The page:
all other traffic will go though ISP 2 with next hop of 192.168.1.2

as we do not have any subnet or ip ranges to use it over the Internet we have to use NATing with overload option to use the Internet interface IP address

of each ISP link

for example traffic going through ISP 1 will be seen by ISP one and the Internet as it is from 192.168.1.1

if it is through ISP 2 will be seen as it is from 172.16.1.1

In the case of one of the links go down we need all the traffic to use the other remaining link

this will be archived here by using IP SLA with ICMP echo that will be sent to each of the ISP next hop IP addresses in our example 192.168.1.2 and 172.16.1.2

the ICMP echo will be sent every 1 second with time out of 500 msec

if the icmp reply not heard from any of those next hops within 1 second that link will be considered down and the default route in the Internet router pointing to that hop will be withdrawn from the routing table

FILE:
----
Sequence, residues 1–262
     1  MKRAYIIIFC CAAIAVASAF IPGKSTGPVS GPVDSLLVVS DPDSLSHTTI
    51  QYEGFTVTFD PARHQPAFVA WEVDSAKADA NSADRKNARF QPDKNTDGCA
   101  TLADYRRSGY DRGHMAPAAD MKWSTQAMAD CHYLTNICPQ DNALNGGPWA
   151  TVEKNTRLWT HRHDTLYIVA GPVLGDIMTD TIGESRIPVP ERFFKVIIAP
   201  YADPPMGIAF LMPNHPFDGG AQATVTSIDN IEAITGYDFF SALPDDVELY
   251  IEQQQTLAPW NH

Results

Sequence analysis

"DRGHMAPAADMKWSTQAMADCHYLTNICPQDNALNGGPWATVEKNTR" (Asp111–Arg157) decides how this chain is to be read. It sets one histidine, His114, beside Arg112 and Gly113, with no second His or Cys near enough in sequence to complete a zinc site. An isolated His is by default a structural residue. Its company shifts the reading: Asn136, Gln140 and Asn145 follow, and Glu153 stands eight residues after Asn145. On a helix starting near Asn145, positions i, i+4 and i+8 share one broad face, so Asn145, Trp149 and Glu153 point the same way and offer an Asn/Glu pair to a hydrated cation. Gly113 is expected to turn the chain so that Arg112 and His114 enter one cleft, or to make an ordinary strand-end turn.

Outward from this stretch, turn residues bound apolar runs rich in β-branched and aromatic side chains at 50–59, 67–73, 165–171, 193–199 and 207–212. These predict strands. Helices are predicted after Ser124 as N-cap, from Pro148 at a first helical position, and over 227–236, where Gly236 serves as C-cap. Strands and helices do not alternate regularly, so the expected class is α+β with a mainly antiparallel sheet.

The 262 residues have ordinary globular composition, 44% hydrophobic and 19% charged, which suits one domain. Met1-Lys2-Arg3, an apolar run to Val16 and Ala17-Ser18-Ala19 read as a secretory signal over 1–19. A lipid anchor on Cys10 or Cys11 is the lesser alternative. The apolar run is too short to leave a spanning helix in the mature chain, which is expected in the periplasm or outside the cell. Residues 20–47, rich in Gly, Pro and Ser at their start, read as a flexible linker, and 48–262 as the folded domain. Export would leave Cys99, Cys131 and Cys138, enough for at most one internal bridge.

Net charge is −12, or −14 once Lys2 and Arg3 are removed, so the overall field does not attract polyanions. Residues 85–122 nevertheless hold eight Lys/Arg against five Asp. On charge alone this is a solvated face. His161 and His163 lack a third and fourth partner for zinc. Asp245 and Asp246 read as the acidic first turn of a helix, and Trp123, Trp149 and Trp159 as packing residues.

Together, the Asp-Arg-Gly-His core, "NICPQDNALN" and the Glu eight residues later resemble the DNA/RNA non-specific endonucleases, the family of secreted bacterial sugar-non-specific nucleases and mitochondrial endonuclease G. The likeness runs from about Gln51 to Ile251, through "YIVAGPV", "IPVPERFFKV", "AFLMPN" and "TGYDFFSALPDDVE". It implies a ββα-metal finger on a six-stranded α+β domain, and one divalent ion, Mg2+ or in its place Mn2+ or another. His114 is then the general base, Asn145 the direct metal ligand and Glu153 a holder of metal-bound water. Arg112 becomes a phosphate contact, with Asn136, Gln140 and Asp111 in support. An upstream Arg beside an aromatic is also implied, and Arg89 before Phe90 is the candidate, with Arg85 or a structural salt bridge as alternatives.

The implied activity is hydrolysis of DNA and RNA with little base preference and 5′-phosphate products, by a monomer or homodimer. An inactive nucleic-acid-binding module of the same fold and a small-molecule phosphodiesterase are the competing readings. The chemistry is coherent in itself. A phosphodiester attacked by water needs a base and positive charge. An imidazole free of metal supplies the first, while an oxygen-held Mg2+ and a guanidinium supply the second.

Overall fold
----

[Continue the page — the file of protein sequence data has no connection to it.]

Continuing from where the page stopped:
and the PBR descion will be changed based on that as well

Configurations:

interface FastEthernet1/0

description LAN interface
ip address 10.1.1.1 255.255.255.0
ip nat inside
ip policy route-map PBR    ---- this is for policy based routing

interface FastEthernet1/1

description To ISP 1
ip address 192.168.1.1 255.255.255.0
ip nat outside
!
interface FastEthernet2/0

description To ISP 2
ip address 172.16.1.1 255.255.255.0
ip nat outside

as we can see above the inside interface was configured as inside NAT interface also a policy based routing with a name of PBR applied to that interface, the configurations of this PBR will be described later

both of the Internet ISP links configured as outside NAT interfaces

IP SLA configurations:

ip sla 1
icmp-echo 192.168.1.2